The term 32-bit application came about because MS-DOS and Microsoft Windows were originally written for the Intel 8088 and 80286 microprocessors. These are 16 bit microprocessors with a segmented address space. Programs with more than 64 kilobytes of code and/or data therefore had to switch between segments quite frequently. As this operation is quite time consuming in comparison to other machine operations, the application's performance may suffer. Furthermore, programming with segments is more involved than programming in a flat address space, giving rise to some complications in programming languages like "memory models" in C and C++.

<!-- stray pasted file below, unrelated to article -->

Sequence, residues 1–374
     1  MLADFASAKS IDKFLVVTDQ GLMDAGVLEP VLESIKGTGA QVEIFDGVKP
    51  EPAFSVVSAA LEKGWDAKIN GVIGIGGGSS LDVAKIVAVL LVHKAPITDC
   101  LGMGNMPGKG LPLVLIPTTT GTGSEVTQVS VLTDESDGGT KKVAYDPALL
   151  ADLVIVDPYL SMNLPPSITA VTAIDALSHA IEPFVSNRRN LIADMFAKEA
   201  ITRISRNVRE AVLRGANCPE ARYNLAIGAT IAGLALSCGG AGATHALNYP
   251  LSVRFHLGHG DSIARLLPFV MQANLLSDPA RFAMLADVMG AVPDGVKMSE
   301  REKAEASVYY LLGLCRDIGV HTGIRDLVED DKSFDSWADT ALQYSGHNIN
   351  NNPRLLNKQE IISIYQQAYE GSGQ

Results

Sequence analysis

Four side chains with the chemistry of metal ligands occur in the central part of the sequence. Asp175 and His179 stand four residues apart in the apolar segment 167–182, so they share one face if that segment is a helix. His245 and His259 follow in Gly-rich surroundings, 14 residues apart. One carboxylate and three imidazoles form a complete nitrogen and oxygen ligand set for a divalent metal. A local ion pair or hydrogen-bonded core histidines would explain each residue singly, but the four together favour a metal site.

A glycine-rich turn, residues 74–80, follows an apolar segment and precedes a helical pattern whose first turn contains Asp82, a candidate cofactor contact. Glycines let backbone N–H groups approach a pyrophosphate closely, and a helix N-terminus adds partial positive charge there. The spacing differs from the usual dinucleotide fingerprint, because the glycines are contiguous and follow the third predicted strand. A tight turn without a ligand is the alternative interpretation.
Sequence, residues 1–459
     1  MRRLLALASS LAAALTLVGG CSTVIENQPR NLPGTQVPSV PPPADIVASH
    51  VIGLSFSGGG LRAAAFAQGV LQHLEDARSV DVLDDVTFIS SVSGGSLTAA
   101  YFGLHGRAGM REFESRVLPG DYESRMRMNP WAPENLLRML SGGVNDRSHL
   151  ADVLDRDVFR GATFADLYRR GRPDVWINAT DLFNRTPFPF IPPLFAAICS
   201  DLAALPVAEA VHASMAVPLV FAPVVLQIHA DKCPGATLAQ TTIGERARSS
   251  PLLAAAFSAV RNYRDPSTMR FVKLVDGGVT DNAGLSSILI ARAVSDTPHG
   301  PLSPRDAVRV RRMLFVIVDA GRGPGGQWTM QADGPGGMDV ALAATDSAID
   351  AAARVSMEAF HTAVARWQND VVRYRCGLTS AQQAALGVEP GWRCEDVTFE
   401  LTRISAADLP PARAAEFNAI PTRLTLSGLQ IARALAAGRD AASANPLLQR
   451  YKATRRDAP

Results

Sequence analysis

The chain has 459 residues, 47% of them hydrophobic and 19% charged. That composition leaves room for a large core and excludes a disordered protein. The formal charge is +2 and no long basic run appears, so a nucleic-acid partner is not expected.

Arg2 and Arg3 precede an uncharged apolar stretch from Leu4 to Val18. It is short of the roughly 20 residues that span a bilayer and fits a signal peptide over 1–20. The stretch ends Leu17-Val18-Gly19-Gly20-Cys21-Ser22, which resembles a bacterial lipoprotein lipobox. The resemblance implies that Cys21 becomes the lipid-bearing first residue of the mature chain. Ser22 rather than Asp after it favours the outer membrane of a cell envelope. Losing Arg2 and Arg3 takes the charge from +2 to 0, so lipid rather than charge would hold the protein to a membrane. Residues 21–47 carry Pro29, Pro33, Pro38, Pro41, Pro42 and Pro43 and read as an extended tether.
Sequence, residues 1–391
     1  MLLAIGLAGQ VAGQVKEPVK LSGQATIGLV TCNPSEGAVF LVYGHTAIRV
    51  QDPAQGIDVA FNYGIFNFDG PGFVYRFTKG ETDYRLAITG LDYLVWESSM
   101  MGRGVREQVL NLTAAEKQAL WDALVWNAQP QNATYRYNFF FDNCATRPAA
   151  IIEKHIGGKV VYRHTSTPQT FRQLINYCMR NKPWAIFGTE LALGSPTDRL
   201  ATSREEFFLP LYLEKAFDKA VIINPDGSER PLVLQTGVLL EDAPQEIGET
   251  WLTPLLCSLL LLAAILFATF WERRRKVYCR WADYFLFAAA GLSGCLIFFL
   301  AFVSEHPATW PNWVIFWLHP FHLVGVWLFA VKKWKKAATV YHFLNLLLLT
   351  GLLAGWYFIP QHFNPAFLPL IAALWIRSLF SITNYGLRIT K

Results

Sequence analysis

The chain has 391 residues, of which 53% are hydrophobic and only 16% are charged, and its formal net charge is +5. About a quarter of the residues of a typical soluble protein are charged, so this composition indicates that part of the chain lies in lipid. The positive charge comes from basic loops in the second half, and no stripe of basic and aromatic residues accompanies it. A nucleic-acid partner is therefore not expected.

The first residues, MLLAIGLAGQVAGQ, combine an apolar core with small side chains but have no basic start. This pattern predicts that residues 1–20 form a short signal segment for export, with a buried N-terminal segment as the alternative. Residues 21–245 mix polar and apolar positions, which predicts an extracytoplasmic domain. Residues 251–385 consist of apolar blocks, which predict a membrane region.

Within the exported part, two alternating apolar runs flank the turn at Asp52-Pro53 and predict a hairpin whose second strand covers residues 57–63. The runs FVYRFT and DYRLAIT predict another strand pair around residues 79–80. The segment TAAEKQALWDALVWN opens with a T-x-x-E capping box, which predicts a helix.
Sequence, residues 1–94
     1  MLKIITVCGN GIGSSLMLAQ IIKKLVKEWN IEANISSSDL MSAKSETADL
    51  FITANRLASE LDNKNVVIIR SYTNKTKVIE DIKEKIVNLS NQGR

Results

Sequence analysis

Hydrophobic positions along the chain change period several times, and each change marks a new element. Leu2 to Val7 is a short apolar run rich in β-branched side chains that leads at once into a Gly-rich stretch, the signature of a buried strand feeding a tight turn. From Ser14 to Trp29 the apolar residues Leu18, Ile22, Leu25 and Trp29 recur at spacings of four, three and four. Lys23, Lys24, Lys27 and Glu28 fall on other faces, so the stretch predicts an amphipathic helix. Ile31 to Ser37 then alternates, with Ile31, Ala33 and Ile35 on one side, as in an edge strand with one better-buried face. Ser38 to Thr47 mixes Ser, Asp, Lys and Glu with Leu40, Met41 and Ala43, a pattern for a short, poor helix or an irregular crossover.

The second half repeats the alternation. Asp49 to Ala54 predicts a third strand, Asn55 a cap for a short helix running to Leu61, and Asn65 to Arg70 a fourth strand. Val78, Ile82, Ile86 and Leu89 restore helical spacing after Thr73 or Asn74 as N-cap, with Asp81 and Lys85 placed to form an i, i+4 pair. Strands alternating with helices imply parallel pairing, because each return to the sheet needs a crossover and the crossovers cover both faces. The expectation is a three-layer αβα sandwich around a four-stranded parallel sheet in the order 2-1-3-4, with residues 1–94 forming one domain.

The shift from 16-bit software to 32-bit software on IBM PC clones became possible with the introduction of the Intel 80386 microprocessor. This microprocessor and its successors support a segmented address space with 16-bit and 32 bit segments (more precisely: segments with 16- or 32-bit address offset) or a linear 32-bit address space. For compatibility reasons, however, much of the software is nevertheless written in 16-bit models.
Operating systems like Microsoft Windows or OS/2 provide the possibility to run 16-bit (segmented) programs as well as 32-bit programs. The former possibility exists for backward compatibility and the latter is usually meant to be used for new software development.
See also Win32s.